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The GAP Attorneys Blog

Meeting the needs of people with disabilities, their families, educators & service providers

Posts Tagged ‘blind’

Current vision status does not determine need for Braille instruction

Thursday, June 19th, 2014

Dear Colleague Letter, 61 IDELR 172 (OSERS 2013): The federal Department of Education’s Office of Special Education and Rehabilitative Services (OSERS) issued a guidance letter clarifying that a blind or otherwise visually impaired student should not be denied instruction in Braille absent “a thorough and rigorous evaluation” that determines “that instruction in Braille would be inappropriate for that child.”  The IDEA requires instruction in Braille for blind and visually impaired students, unless the child’s current and future reading and writing needs indicate that such instruction is inappropriate.  Since the child’s future needs must be taken into account, a school district cannot rely exclusively on a child’s current vision status to deny Braille instruction.

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Federal government enacts law to provide people with disabilities greater access to contemporary communication devices.

Monday, July 4th, 2011

Congress passed, and President Obama signed into law, the “Equal Access to 21st Century Communications Act.”  The law provides individuals with disabilities greater access to contemporary technology devices, including mobile phones and apparatus equipped for video programming (such as televisions).

Highlights of the bill include requiring mobile phone providers to ensure that any mobile phones equipped with web browsers, text messaging, and e-mail are accessible to individuals with disabilities (and individuals with visual or hearing impairments in particular).  For example, internet-enabled mobile phones must be hearing aid compatible.  Additionally, television manufacturers, as well as television programming services, must ensure that their devices, programs, and services enable individuals with disabilities, but visually impaired individuals in particular, to access on-screen guides and menus, as well as emergency broadcast information.  The law now requires that certain video playback devices include features to allow for real-time audio description of various on-screen features, including program guides, menus, and emergency broadcast information.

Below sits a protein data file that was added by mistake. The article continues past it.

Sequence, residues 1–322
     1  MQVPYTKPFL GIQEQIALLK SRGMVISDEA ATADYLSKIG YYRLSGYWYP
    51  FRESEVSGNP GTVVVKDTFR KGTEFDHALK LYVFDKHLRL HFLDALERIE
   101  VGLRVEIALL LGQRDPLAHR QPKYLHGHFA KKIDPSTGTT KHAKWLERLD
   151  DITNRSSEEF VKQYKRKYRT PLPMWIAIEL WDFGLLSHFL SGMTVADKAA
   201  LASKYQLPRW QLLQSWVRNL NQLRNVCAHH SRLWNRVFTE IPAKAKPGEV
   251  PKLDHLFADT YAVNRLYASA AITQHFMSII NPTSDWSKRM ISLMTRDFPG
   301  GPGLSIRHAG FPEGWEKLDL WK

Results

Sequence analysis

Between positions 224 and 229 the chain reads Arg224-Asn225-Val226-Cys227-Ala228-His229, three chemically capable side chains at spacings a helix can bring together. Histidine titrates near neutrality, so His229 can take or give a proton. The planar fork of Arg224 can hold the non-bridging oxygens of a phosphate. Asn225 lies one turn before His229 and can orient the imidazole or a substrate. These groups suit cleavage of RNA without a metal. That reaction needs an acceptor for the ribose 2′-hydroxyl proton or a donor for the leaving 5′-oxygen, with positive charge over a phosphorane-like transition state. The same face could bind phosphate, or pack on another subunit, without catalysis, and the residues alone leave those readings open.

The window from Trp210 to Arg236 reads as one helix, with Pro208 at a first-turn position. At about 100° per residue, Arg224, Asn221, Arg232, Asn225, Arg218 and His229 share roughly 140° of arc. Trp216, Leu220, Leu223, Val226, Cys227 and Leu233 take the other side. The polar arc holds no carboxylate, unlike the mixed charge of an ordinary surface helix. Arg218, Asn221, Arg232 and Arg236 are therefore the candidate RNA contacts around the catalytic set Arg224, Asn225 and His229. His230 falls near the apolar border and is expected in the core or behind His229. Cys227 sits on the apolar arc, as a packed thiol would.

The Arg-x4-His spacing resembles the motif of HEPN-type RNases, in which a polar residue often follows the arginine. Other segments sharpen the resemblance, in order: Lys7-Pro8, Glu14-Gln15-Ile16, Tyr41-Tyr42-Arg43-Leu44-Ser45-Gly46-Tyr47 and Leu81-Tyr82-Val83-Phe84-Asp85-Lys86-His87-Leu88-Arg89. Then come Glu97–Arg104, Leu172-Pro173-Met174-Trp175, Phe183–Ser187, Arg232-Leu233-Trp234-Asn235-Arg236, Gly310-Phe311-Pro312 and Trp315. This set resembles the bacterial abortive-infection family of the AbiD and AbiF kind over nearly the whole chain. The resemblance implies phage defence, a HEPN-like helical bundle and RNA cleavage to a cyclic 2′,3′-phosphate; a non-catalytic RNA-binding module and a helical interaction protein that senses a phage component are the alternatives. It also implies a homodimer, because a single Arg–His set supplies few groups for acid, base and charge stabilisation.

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Court overturned a determination by an impartial hearing officer that a residential placement was appropriate, when it was not recommended by the IEP team and not sought by the parent.

Saturday, November 13th, 2010

Millay v. Surry School Department, 53 IDELR 292 (D. Me. 2009):  A federal magistrate judge determined that a hearing officer’s ruling that a residential out-of-district placement offered the student a FAPE was erroneous.  The student (who was deaf-blind, non-verbal, and had severe cognitive and neurological impairments) spent very little time at the residential placement, as she became self-injurious and was removed for safety and medical reasons.  Although the IEP team generally agreed that the educational program at the residential placement would benefit the student, the placement was ultimately rejected due to the student’s prior serious problems transitioning into the residential component.  As a result, the school district began reviewing alternatives (day treatment programs) and constructing its own in-district program.  The IEP team did not recommend the residential placement, and the parent sought a program designed to meet the multiple needs of the student in a public school setting (which would be the least restrictive of the possible options).  Nonetheless, the hearing officer decided the residential placement was appropriate and failed to engage any of the alternative placements discussed by the IEP team.

The magistrate judge recommended overturning the ruling, noting the student’s difficulty transitioning in the residential placement and the comments from that placement’s staff indicating that it was not appropriate for the student.  Since none of the alternative out-of-district placements offered by the IEP team could provide the services the student needed, the judge determined the school district did not offer a FAPE.  Although it appeared that the school district was well on its way to hiring the necessary staff and offering the necessary services to create an in-district program for the student (as sought by the parent), such a program was not ready in time for the school year in question and, thus, the school district could not offer a FAPE.

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